Westminster Larger Catechism Study

Beware of Light Thoughts of Sin

One of Spurgeon’s best. Old John Gill put it this way..

but sin, that it might appear sin, working death in me by that which is good; that is, the vitiosity and corruption of nature, which is designed by sin, took an occasion, “by that which is good”, that is, the law, through its prohibition of lust, to work in me all maimer of concupiscence, which brought forth fruit unto death; wherefore, upon the law’s entrance into my heart and conscience, I received the sentence of death in myself, that so sin by it, “working death in me, might appear sin” to me,

which I never knew before. This end was to be, and is answered by it, yea,
that sin by the commandment might become exceeding sinful;

that the corruption of nature might not only be seen and known to be sin,

but exceeding sinful; as being not only contrary to the pure and holy nature of God, but as taking occasion by the pure and holy law of God to exert itself the more, and so appear to be as the words καθ υπερβολην αμαρτωλος, may be rendered, “exceedingly a sinner”, or “an exceeding great sinner”; that being the source and parent of all actual sins and transgressions; wherefore not the law, but sin, was the cause of death, which by the law is discovered to be so very sinful.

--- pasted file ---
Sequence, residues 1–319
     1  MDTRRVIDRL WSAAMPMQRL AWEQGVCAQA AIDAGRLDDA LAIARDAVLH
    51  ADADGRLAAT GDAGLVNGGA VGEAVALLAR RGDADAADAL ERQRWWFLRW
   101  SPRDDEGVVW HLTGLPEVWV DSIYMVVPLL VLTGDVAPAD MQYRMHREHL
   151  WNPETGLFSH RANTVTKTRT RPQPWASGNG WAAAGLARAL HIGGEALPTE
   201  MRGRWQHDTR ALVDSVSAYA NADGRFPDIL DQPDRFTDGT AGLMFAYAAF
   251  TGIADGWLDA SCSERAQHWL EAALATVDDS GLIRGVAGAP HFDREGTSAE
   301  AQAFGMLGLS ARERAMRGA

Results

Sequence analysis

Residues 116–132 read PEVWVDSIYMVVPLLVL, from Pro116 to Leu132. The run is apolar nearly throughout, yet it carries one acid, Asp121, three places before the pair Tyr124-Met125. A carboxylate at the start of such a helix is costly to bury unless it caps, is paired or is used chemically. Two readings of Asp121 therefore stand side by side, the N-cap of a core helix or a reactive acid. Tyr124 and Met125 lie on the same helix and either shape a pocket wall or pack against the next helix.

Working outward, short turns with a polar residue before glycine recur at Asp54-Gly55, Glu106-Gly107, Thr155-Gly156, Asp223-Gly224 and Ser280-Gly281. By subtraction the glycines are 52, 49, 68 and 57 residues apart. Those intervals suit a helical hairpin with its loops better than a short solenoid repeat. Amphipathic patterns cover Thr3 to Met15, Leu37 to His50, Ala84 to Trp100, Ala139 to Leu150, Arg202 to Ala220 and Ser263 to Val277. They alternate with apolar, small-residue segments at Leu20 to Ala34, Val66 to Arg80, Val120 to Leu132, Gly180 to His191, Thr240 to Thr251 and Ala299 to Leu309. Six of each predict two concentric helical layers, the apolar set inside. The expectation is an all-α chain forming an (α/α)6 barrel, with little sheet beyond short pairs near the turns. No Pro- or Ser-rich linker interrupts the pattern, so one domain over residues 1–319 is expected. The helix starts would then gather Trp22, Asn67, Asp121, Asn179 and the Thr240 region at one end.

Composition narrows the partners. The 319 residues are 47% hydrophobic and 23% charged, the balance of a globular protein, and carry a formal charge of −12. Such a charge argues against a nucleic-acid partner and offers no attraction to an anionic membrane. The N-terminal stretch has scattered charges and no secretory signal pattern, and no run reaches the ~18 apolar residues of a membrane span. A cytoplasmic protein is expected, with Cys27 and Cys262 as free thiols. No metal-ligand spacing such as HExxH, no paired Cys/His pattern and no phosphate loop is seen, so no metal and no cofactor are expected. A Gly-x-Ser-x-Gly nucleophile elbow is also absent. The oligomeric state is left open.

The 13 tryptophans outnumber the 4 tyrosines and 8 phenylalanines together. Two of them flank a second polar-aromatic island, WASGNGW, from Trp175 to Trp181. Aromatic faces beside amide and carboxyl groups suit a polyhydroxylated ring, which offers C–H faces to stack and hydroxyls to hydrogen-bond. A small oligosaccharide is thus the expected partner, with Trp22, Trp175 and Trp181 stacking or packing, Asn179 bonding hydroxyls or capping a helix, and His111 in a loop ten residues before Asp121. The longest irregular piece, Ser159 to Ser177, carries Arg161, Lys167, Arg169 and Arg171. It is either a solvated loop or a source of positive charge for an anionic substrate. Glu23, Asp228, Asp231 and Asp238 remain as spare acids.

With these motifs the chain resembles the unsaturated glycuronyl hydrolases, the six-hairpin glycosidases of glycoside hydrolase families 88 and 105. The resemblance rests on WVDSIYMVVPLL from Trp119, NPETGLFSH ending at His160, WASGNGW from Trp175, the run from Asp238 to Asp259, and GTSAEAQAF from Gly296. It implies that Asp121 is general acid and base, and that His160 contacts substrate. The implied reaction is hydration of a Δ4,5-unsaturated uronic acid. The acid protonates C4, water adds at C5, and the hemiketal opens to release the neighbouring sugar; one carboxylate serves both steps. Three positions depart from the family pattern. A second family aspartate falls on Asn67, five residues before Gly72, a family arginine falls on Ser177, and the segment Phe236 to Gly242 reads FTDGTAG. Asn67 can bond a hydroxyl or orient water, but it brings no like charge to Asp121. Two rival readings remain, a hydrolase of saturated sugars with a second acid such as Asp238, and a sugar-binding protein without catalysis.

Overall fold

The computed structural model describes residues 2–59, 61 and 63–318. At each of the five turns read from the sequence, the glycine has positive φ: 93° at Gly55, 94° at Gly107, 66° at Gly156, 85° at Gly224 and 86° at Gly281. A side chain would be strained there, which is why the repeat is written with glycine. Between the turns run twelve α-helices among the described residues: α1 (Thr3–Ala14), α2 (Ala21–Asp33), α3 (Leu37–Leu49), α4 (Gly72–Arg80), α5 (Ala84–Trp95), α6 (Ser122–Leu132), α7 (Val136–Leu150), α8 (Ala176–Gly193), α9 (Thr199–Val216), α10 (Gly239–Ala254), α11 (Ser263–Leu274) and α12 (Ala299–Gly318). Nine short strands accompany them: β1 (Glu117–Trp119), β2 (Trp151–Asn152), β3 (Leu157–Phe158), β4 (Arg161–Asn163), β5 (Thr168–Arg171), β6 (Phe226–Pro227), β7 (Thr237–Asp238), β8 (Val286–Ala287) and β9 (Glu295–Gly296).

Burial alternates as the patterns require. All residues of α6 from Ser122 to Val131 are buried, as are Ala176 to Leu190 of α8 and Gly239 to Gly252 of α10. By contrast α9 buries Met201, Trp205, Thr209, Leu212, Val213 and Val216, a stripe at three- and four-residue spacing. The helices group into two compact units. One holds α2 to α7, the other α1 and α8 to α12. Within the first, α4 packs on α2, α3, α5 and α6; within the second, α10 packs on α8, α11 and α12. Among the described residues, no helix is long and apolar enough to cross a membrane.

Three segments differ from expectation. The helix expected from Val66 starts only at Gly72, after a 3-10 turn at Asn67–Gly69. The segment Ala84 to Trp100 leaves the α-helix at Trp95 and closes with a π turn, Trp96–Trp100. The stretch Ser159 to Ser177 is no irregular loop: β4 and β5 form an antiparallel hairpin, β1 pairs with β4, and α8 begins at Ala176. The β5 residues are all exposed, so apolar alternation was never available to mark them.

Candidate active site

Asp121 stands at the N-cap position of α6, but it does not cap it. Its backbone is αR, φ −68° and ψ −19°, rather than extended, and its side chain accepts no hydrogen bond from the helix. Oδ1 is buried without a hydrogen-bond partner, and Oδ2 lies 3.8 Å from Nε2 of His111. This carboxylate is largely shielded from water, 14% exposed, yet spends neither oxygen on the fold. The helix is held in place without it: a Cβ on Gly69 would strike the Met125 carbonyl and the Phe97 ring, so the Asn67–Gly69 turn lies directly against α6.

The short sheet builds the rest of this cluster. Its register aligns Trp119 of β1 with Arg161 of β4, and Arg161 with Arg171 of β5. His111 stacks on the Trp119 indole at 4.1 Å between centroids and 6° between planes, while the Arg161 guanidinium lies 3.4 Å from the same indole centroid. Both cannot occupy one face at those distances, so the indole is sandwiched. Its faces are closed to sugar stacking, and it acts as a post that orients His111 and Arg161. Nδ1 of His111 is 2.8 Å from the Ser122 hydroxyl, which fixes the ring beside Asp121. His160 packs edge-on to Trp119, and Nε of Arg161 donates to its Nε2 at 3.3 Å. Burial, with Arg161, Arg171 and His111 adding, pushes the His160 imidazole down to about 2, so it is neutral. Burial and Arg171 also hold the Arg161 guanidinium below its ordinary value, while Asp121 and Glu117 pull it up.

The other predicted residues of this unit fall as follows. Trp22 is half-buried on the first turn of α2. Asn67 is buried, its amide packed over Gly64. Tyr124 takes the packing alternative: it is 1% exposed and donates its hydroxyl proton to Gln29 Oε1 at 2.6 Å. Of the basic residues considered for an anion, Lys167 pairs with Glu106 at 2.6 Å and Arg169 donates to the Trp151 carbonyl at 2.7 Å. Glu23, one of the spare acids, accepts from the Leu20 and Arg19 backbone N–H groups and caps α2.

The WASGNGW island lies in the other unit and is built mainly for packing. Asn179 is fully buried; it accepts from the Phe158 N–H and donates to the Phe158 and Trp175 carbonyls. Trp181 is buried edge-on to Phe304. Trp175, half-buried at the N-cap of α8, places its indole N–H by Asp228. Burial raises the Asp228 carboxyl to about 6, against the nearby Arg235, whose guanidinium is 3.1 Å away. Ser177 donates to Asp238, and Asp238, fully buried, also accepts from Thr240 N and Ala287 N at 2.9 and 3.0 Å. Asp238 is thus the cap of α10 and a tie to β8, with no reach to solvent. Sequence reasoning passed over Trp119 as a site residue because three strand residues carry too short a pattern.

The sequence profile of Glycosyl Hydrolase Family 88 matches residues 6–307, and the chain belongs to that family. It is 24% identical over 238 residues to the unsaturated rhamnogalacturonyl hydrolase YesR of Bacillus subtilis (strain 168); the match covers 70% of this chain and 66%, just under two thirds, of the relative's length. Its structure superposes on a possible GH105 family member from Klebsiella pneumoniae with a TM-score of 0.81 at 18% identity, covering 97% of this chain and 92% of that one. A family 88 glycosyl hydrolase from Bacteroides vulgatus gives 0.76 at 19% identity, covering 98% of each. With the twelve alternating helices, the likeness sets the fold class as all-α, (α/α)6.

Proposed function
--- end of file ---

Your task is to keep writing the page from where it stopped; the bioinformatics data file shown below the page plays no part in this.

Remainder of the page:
It is amazing today how all types of sin are readily acceptable and repentance is rarely preached.

Perhaps it’s just too much to teach in our culture or at least we are told people don’t want to hear about it. Just how to live a better life in the culture or how God is “only” love.

Maybe it’s really simple…one pastor I heard recently said all of our sins can be traced back to roots in the 10 Commandments….and even the 10th gets to the heart issues that Jesus spoke about. So it’s really all plainly there in front of us. Maybe a new verse?

“Amazing Grace that saved a pretty good person like me!”

Possessing the Treasure

by C.H. Spurgeon

“Sin . . . exceeding sinful.”-Romans 7:13

Beware of light thoughts of sin. At the time of conversion, the conscience is so tender, that we are afraid of the slightest sin. Young converts have a holy timidity, a godly fear lest they should offend against God. But alas! very soon the fine bloom upon these first ripe fruits is removed by the rough handling of the surrounding world: the sensitive plant of young piety turns into a willow in after life, too pliant, too easily yielding. It is sadly true, that even a Christian may grow by degrees so callous, that the sin which once startled him does not alarm him in the least. By degrees men get familiar with sin. The ear in which the cannon has been booming will not notice slight sounds. At first a little sin startles us; but soon we say, “Is…

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